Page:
Understanding the flow between WordPress filter hooks and filters attached to them

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Updated On: June 23rd, 2020 0 Comments

Still confused? Sorry, my bad!

Warning: To understand the following flow,you need to have a good understanding of PHP functions or functions in general.

Understanding the WordPress execution flow could make it more clear

1) It all starts with a user accessing our website’s homepage in the browser


2) As soon as the user hits enter, the browser does its job and sends the request to the server asking for the home page.  

3) The server receives the request and starts executing the WordPress core starting with the index.php file in the root directory.

From here onwards, WordPress takes control. 

4) WordPress connects to the database server and continues to load up and go through the individual internal files.

5) Once all the core WordPress files are loaded, WordPress will then load all the plugins.

6) Once the plugins are loaded, WordPress will then load the active theme’s functions.php file before any other template file that contains HTML markup.

As soon as WordPress loads up the functions.php file, it goes it through line-by-line and figures out that there is an add_filter() function call belonging to the filter hook called body_classand it memorizes that saying:

“Oh! the theme developer is trying to perform a filter for the body_class() function and I need to execute this filter as soon as I execute the apply_filter('body_class') function”. 

add_filter('body_class', 'add_browser_classes');

Note: At this phase of WordPress execution, WordPress has not yet touched the template files like header.php or frontpage.php. So, it has no clue when and where it will find apply_filter( 'body_class' ) function call.

7) WordPress continues its journey by parsing the URL. After parsing the URL, WordPress figures out what the user is trying to access. Then, WordPress uses Template hierarchy logic to choose a template file from the active theme. In our case, the user trying to access the Homepage of the website and So, WordPress loads the front-page.php file and starts processing it to generate the final webpage markup.

8) While processing the front-page.php file, this first line it finds is the get_header() function and executes it.

The Primary purpose of the get_header() function is to load up header.php file from the active theme.

So, once the WordPress loads up the header.php file and starts processing it, it comes across the body_class() function and executes it.

9) As soon as WordPress executes the  body_class() function, it will run into the  get_body_class() function.

Now, WordPress stops the execution body_class()function temporarily and starts executing the get_body_class()function and as the execution progresses, various dynamic classes are added to the $classes array.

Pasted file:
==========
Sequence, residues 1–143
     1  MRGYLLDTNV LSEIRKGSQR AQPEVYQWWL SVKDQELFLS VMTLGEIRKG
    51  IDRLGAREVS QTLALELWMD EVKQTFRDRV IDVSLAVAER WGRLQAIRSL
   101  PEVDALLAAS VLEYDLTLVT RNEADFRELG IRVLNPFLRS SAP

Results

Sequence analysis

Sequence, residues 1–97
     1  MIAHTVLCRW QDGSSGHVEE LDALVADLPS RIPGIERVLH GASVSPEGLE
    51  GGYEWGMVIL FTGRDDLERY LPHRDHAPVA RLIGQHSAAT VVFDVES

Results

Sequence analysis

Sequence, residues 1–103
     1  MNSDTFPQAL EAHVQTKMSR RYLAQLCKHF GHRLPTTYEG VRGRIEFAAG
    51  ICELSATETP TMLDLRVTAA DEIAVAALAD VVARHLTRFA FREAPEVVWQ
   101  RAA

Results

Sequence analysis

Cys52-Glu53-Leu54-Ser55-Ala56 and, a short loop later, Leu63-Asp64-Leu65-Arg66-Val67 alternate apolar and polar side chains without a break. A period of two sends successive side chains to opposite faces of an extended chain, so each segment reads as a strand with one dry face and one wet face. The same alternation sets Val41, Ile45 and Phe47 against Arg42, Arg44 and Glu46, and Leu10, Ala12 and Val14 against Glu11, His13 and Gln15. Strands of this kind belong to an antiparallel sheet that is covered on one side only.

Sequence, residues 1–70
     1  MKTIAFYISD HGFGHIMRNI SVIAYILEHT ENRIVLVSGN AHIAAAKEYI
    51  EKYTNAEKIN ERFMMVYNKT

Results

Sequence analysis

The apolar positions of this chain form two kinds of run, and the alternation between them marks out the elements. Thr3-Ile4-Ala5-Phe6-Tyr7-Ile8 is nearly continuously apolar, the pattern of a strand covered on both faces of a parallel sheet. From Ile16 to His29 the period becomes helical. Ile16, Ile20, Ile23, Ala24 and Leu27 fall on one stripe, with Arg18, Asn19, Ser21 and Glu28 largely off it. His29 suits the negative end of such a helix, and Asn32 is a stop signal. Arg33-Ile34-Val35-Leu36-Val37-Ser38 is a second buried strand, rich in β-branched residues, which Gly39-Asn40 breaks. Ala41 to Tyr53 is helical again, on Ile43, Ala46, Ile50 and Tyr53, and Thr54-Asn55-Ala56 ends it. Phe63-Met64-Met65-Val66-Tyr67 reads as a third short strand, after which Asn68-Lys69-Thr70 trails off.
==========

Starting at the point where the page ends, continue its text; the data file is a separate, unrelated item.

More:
Once WordPress reaches the end of the get_body_class()function, it will decide to give us, the developers, a chance to add our own set of dynamic classes triggering body_class filter hook via the apply_filters('body_class') function.

It also passes the $classes array to the registered filters of body_class filter hook.

As soon as the filter hook is triggered, WordPress stops the execution of get_body_class()function temporarily and executes all the filters attached to the filter hook one by one.

WordPress stores all the filters that must be executed at this point in an array and it goes through it one by one and executes all of them based on their priority.

In our case, from the functions.php file perspective, add_browser_classes() filter (a callback function) will get executed and receives the $classes array and as soon as it gets executed, based on IF Conditions, a browser class will be added to the $classes array received.

Finally, the $classes array will be returned back to the apply_filters('body_class') function call of get_body_class()function and saved to the $classes array.

Now, the control flow is back to the get_body_class()function from the add_browser_classes() filter.

WordPress will continue the execution of the get_body_class()function and will finally return the $classes array back to the body_class()function.

Now the control flow is back to the body_class()function.

And finally, body_class()function joins all the classes in the $classes array and outputs them to the <body> tag.

11) This marks the end of the body_class() function call and WordPress comes back to header.php file to process the rest of the file and once it reaches the end of it, it comes back to the front-page.php file, it will process the rest of the file and sends the final markup to the browser.

12) Finally, the browser renders the markup to the user.

Important Realization: This is why you need to return back the data when dealing with the filters.

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